20 Years Later, California Still Feels Effects of Anti-Immigrant Measure

Written by on November 7, 2014 in State and Local with 3 Comments
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2854994164_7c77be32ea_oSaturday marks 20 years since 59 percent of Californians voted for a measure designed to reduce the number of undocumented immigrants in the state, a policy that backfired and led to a massive political shift. The measure was Proposition 187, part of 1994’s “Save Our State” initiative, and its repercussions are still being felt today.

Prop. 187 was an effort to curb state expenses by denying social services to undocumented immigrants in California. In 1994, California officials estimated that there were roughly 2 million undocumented immigrants in the state. The measure required state officials to verify immigrants’ status in the U.S., including law enforcement, health, and education officials. Protests against the measure happened across the state before its passage, and it was never enacted after a federal judge issued a temporary order halting Prop 187 three days after voters approved it. Eventually, a federal court struck it down as unconstitutional.

Then-Republican Gov. Pete Wilson strongly supported Prop. 187 and used it as the centerpiece of his re-election campaign in 1994. In his gubernatorial run, Wilson emphasized illegal immigrants crossing the U.S./Mexico border into California and the costs to the state. And it worked for him: he won re-election. However, it did long-term damage to the Republican party in the state.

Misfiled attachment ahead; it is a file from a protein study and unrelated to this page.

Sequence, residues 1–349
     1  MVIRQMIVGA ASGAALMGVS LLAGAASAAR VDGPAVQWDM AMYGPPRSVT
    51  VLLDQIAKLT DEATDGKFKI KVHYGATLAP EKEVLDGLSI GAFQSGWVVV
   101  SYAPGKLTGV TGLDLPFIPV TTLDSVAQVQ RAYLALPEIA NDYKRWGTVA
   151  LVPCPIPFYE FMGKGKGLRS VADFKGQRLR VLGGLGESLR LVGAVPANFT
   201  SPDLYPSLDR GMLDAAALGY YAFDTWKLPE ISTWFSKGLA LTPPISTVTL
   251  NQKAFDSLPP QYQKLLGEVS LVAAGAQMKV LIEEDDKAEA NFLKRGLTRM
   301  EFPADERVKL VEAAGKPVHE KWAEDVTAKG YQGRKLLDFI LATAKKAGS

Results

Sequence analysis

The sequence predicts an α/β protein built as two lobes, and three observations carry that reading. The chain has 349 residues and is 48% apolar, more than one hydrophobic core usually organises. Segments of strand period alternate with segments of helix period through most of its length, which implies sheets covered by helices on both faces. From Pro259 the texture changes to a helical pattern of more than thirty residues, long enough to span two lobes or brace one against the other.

Twenty years later, that damage is clear. Longtime Latino advocate and founder of Los Amigos of Orange County reflected that “In the long run it [Prop. 187] did us a lot of good…it sparked an ignition, a fire, to do what we wanted to do but were not able to do.” Latino opposition to the ballot initiative galvanized activists, who launched citizenship drives across the state that led to greater political participation. There are 3.7 million Latino registered voters in California, an increase of more than 2 million since the mid-1990s, for example. And 1.7 million Asian and Pacific Islanders (API) are registered voters in California, an increase of 845,000 since the mid-1990s. Prop. 187’s harm to the Republican Party, especially among the growing Latino population in California, wasn’t immediate, but it was long lasting and has become known as the “Prop 187 Effect.”

In alienating immigrant and minority voters through an anti-immigration campaign, these same voters increased their civic engagement to the point where California became a solidly blue state. In 1994, the GOP held 26 of California’s 52 seats in the U.S. House. Starting with the next Congress, Republicans will fill 15 of the 53. A report by Latino Decisions last year attributes this drop to changes that “reshaped California politics in a manner that has made the Republican party nearly irrelevant.” These changes, the report found, included the increase in the Latino share of the electorate and the anti-immigrant agenda (including Prop. 187) that alienated Latino voters.

The United States is in the midst of a major demographic transformation among its electorate. Between 1996 and 2012, the number of Latino registered voters increased by 7.1 million (108.4 percent) and this number will only continue to grow. Thankfully Prop. 187 never saw the light of day and its successors like SB1070 and HB56 have also failed to survive legal challenges. Today’s states are increasingly turning towards progressive pro-immigrant legislation that seeks to integrate and incorporate immigrants into the fabric of U.S. society. Prop. 187 is a piece of history; however, its lesson should not be forgotten, particularly by state legislators when they consider how to calibrate laws that affect immigrant communities.

Photo Courtesy of the Korean Resource Center 민족학교.

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